An anonymous donor gave the 1921-vintage United Motors Service Building to the Task Force in 1997, and it provides shelter for what the organization has estimated as between 350 and 700 homeless people on any given day.

In 2001 the Task Force borrowed $900,000 against the property to renovate it. The Task Force was never able to pay off the notes, and, in 2009, it entered into a forbearance agreement with the loans’ holders: the Institute for Community Economics Inc., and Mercy Lending, an organization sponsored by an order of Catholic nuns.

According to court filings, the Task Force owed principal balances of $574,115 to the Institute and $248,148 to Mercy, exclusive of accrued interest, costs and attorney fees. The agreements gave the Task Force until Feb. 28, 2010, to pay off the notes.

In January 2010 a newly formed entity, Ichthus Community Trust, and a co-trustee, The Benevolent Community Investment Co., bought the notes for a reported $900,000. Three months later, Ichthus foreclosed on the Task Force. Ichthus filed a dispossessory action in Magistrate Court and a civil suit in Superior Court accusing the Task Force and its director, Anita Beaty, of denying inspectors entry to the property and jeopardizing Ichthus’ ability to obtain insurance for it.

In June 2010 the Task Force filed its own suit against both trusts and Ichthus’ business manager, Manny Fialkow—plus Central Atlanta Progress and the Atlanta Downtown Improvement District. It accused the defendants of conspiring to prevent the Task Force from being able to repay its loans, therefore leading to its foreclosure and possible eviction. The Task Force claimed the defendants engaged in racketeering, intentional interference with business relations, libel and slander, and it asked the court to enjoin any efforts to have the Task Force evicted.

In December 2010, the Task Force added Premium Funding as a defendant.

Schwall refused to allow Ichthus’ dispossessory to proceed. Ichthus then defaulted on its loan, and in February 2011, it transferred the property’s deed to Premium Funding, from which Ichthus had borrowed its money.

The parties have been locked in litigation ever since. A 2011 mediation failed, and in February 2012 Schwall granted Premium Funding’s request to file a dispossessory to evict the shelter. The Task Force appealed, and last March the Georgia Court of Appeals overturned the order, finding that Schwall should have allowed it to present evidence concerning possible “irreparable harm” before granting the dispossessory order.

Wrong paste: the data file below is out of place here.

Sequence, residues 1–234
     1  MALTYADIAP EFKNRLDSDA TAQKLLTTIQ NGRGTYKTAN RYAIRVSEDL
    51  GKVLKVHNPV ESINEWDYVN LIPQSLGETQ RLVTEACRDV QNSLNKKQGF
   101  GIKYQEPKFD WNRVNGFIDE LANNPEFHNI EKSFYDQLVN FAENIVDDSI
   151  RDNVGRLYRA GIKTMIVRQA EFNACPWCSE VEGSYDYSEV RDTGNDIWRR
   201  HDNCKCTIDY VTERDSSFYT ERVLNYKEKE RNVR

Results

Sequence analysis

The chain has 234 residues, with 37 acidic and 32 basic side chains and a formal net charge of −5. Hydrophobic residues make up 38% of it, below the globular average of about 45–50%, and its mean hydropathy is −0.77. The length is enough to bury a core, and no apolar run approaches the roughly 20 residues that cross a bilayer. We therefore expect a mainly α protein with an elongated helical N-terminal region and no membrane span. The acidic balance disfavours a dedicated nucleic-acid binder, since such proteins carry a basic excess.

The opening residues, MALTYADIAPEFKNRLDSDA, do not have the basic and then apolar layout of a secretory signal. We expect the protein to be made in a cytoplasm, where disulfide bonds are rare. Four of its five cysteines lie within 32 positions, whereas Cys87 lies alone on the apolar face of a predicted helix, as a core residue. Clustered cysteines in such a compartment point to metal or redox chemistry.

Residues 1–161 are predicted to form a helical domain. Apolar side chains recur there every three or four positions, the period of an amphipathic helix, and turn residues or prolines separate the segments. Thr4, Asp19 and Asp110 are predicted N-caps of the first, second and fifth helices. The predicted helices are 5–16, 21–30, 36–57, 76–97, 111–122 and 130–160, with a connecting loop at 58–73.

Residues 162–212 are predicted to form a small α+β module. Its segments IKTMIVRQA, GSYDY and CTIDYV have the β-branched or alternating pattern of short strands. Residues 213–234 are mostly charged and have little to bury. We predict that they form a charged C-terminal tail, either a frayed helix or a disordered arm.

In June Premium Funding again filed a request for a dispossessory. In August, Strickland, the special master, released a “Proposed Findings of Fact and Conclusions of Law” opposing the motion. Strickland noted that the trial was slated for November and that “Judge Schwall has made clear that he would hold in abeyance [Premium Funding]’s request … until after the jury trial resolved all the issues, including the issue of title to the Property.”

On Sept. 6, Schwall signed an order adopting Strickland’s recommendations and again denying the dispossessory request.

Premium Funding’s new petition asks the court to enjoin InVesta and Tassa from initiating any foreclosure proceedings until the disputes over the property’s title and dispossessory are fully adjudicated.

Otherwise, it said, “there is an imminent threat that the property will be foreclosed upon and sold to a third party while [Premium]’s hands are tied by the [Task Force] and this Court.”

A staff member at InVesta said the company’s president, Buddy Ramsey, was unavailable this week. A staff member at Tassa agreed to forward an email query to her superiors, but no response had been received by press time.

The case is Premium Funding Solutions v. InVesta Services of Ga., No. 2013CV237089.